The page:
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February 17, 2012 Practice Points

Can Coworking Help Your Solo Practice?

By Virginia Sierra

Have you considered coworking? Coworking legal communities are appearing across the country in mid- to large-sized cities. If you are in need of a more professional space for your practice, coworking is a cost-effective way to have your own office space without the expense of private office rent.

Coworking involves sharing office space with other professionals. Depending on the setup, you may have access to many amenities generally available in a large office that are highly beneficial to both your business and your clients, including broadband Internet access, tech support, print/copy/fax/scan capabilities, mail services, front-desk services, and a kitchen area. There is an array of sizes and setups for coworking communities, ranging from closed-door offices with conference rooms to large, open communal working spaces. Monthly membership fees or "rent" will depend on the type of space you require.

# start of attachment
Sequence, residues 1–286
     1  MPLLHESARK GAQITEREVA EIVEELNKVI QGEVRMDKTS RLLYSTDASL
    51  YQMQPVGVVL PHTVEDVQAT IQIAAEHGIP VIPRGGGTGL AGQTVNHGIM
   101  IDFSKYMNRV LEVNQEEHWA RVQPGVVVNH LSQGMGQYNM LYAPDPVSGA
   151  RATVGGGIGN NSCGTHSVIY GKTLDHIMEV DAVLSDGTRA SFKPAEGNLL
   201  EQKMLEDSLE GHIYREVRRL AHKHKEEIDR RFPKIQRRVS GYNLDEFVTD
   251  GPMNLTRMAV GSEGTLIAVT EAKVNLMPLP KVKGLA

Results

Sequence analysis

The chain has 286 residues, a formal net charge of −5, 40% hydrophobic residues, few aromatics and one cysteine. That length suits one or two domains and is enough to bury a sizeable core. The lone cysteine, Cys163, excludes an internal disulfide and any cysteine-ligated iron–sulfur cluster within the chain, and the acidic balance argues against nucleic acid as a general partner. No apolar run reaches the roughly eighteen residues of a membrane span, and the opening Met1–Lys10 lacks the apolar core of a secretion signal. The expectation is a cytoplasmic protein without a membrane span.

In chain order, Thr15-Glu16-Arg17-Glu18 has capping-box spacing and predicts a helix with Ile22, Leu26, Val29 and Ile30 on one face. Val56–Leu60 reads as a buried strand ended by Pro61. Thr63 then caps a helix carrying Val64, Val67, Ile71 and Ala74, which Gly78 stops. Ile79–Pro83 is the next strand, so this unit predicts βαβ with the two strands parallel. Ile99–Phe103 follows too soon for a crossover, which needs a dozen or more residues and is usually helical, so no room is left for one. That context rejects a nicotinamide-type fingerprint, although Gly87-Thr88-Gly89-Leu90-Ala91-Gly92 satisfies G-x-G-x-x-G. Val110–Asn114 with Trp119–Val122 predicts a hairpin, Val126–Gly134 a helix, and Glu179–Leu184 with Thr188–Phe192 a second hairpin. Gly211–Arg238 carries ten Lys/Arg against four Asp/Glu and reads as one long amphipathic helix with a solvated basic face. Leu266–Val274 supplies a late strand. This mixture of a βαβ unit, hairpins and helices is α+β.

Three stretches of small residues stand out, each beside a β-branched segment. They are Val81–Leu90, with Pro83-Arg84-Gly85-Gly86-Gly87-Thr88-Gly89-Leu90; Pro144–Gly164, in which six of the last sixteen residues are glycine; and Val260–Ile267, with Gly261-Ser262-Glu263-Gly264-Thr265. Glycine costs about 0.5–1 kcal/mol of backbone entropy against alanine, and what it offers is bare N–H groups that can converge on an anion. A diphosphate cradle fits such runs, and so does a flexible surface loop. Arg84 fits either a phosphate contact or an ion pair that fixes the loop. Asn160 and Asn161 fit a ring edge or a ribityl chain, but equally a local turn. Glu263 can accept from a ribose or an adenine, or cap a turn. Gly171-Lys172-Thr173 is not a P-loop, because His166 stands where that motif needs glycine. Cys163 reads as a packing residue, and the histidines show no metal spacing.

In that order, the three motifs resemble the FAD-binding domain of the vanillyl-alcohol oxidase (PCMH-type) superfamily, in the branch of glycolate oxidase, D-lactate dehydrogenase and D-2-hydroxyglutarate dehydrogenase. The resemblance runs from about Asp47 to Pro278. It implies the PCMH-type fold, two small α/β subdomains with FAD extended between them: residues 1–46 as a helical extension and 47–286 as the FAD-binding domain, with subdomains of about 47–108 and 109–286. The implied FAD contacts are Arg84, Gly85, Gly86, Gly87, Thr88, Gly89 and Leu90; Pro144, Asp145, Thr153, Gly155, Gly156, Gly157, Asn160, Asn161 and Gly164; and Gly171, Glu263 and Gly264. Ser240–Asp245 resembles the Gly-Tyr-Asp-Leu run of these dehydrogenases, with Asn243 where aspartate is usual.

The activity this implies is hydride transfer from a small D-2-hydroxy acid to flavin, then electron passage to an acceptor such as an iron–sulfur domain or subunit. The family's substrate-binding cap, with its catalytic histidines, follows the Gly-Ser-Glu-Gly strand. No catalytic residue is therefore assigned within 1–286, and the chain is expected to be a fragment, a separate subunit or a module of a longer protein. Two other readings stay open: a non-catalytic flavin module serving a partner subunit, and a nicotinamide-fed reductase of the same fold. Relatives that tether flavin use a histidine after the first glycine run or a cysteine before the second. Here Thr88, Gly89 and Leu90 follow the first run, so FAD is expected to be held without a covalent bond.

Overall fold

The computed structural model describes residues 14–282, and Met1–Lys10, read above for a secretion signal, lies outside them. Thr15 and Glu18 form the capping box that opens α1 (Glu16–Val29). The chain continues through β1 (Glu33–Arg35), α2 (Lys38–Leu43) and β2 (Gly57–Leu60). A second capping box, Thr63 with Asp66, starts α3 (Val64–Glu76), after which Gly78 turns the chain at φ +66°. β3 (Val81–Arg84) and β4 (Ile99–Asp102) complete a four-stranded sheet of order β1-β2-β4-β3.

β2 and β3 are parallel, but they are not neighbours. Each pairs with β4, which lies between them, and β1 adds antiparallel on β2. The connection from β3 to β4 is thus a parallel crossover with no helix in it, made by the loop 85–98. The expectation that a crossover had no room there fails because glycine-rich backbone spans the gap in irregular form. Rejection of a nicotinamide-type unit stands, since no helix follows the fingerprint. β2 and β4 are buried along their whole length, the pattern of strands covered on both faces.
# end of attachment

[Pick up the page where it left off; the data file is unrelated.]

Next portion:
As a solo practitioner, coworking can be an excellent stepping stone between your home office and your own (expensive) private office space. It can be a great transition for your business, not only geographically, but also in client growth. Ideally, coworking communities are a diverse assortment of professionals building their small businesses. This diversity can be a networking advantage for all involved. Your step from the home office to this professional setting should cause growth through networking within your coworking community, and it should help your current clients to view your workspace in a more professional light.

Check your area for coworking communities. See what is available to you and determine whether it is time to move the location of your firm out into the business world.

Keywords: litigation, solo practitioners, coworking, office space

Virginia Sierra is with Cohen, Kennedy, Dowd & Quigley in Phoenix, Arizona.

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